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S: Gonzaga-in-Florence Fall 2010

BC: It's been a thrilling ride to say the least. The past 15 weeks have been the most unpredictable yet eye-opening, busy yet carefree, and expensive yet rewarding weeks of my entire life. I am truly blessed to have taken part in Gonzaga-in-Florence-a remarkable experience in an extraordinary city with unforgettable friends.

FC: Gonzaga-in-Florence Fall 2010

1: Berlin, Germany | OPENING TOUR... | Checkpoint Charlie | Concentration Camp | Gates of Berlin | WWII Monument | Berlin Wall

2: Dresden

3: PRAGUE! | 5 story club

4: Vienna | Schloss Schonbrunn | Opera House

5: Off to Florence.... | 85 Cavour | Dante's | SI-in-Florence | calcetto | Finnegans | Grom | Intro to Florence Tours at 8 am | oil shoppe

6: Florence is unreal. After waking up at 3 am in Vienna to catch our 5 am flight to Roma and a 4 hour bus ride to Florence, we all planned on sleeping because we had school the next day. But I couldn’t help myself but not sleep on the plane, bus, or once I arrived at my pensione because I was too excited! We arrived at our school where we met our pensione family and they walked us to 85 Cavour! Guissippi our pensione leader walked the people in 85 Cavour and Hotel Colorado to the pensiones. When we got to our pensione we climbed so many stairs, which will be great exercise everyday. Guissippi showed us to our rooms. WE HAVE A BALCONY!!!! At the pensione Guissippi introduced us to Ramona who prepares all of our meals for us. The bathroom is like dorm style. I was on the first Rome flight, there was another group coming in at 11pm and a group following at 12pm. We arrived around 2pm! So we had time to explore before dinner at 7! Dinner was a group of 7 of us! We were like a little family eating dinner and then explored FIRENZE!!!! We saw the Duomo, the pointe vecchio bridge, and watched many street performers and hung out in the pub down the street that has pictures and signs of GU’s students outside of it! My other roommate Megan and all the others in out pensione arrived around 1 am. I was already asleep, so exhausted. School started the next day at 8:30, BIOLOGY. The next class I had was Operations Management with Alessandro. He walked into the class room and called me out and picked on me all class! He told the class that first impressions mean a lot and his first impression of me was being a pain in the ass. My next class was Marketing and then Italian. I really like all my teachers. I’m really eager to learn Italian! We got our suite cases and a box Christina left for me, unpacked, and went on a run. Thursday night I ran into Adrienne Cole and Jacqueline Taylor at a bar. It was so good to see them! The weather has been so nice, except for this weekend its been thunderstorms. Mia Palari came into town on Friday. I meet her Friday night and went to bars with her and her friends. I got home at 3:30 and had to wake up at 5 to catch the train to Cinque Terre! There were about 10 of us, guys and girls, sprinting to the train station. It was 5:55 and our train left at 6am. We barely made it. We slept the whole way to Cinque Terre. We walked on the path hiking 5 towns. IT WAS BEAUTIFUL!!!!! Then we ate lunch at the beach, I had fish raviolis, delicious! We swam in the water until it started thunder storming! We hopped back onto the train (about 2 hours) and headed back to Florence. School starts back up again on Monday, and we leave this weekend for our camping trip in Venice!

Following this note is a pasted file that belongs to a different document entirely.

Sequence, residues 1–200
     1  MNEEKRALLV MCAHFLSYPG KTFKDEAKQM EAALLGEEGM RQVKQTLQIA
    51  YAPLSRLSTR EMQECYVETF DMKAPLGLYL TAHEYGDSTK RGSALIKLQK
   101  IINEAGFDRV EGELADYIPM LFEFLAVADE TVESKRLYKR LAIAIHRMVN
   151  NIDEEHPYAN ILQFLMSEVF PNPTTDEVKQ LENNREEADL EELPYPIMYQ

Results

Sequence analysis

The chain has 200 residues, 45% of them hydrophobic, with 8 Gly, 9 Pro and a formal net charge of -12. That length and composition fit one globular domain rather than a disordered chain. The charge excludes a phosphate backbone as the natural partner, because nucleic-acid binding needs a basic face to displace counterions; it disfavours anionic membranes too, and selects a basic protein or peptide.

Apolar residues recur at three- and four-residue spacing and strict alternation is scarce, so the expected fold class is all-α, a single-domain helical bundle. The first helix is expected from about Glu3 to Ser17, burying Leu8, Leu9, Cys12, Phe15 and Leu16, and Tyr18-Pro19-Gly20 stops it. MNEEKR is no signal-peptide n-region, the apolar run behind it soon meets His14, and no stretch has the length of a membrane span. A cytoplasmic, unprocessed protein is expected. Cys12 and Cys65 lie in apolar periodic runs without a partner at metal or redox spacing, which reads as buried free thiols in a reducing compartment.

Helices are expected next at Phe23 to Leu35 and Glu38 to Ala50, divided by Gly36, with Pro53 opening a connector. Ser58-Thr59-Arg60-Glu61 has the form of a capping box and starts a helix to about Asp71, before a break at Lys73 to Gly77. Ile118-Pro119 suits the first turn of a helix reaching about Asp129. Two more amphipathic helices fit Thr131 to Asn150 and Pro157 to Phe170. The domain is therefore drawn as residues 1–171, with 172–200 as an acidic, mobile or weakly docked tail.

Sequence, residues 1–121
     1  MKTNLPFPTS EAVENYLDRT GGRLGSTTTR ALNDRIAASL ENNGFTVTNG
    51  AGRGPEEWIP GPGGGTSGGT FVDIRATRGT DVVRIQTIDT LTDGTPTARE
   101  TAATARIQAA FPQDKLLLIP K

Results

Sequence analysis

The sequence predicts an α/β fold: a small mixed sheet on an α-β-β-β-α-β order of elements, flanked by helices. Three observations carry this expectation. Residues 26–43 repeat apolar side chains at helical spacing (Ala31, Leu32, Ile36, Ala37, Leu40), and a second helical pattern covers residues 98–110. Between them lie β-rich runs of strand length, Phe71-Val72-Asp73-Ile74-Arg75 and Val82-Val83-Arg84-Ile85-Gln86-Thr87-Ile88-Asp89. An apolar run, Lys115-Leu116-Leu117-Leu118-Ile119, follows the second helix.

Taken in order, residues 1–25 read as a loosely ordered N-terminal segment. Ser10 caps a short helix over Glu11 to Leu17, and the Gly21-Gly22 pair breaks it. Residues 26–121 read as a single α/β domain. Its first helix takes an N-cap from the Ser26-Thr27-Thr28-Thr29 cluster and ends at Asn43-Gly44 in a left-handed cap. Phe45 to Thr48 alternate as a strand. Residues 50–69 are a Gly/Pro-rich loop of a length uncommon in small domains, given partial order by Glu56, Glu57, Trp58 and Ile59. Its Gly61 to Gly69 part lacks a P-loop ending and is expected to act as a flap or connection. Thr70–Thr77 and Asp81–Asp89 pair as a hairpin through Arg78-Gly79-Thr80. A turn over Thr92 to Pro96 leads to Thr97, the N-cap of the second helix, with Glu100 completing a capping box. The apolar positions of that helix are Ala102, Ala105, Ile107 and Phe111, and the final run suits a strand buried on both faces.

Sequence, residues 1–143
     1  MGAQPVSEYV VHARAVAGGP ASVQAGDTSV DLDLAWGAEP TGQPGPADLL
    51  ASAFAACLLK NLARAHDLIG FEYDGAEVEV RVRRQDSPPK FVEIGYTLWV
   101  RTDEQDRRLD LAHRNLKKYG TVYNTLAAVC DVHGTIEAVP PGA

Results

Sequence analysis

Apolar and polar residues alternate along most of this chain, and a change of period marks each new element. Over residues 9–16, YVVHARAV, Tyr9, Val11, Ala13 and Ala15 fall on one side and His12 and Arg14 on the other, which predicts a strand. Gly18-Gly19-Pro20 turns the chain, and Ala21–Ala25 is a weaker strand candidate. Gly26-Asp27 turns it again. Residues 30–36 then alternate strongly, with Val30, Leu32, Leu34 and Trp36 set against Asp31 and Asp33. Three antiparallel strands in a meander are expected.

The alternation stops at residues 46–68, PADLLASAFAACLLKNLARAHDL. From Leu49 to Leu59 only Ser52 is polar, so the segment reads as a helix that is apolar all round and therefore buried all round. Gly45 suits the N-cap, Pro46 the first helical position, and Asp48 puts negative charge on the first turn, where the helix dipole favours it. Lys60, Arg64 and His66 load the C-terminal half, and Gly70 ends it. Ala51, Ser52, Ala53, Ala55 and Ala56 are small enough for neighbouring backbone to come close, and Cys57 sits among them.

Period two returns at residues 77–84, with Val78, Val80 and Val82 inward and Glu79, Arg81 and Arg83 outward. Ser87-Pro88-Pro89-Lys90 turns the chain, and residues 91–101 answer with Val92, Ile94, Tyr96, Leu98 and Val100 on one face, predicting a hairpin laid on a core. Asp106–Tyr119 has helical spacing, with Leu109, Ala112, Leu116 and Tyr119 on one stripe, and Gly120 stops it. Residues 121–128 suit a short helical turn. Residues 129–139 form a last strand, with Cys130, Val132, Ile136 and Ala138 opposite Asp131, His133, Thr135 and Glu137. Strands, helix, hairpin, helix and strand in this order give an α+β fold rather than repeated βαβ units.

8: VENICE

9: ""Heyyy Babyyy ooohhh ahh, I wanna know, if you'll be my girl!" | Hofbrauhaus

10: MUNICH, GERMANY

11: PARIS

12: BARCELONA

13: Amsterdam

14: Cairo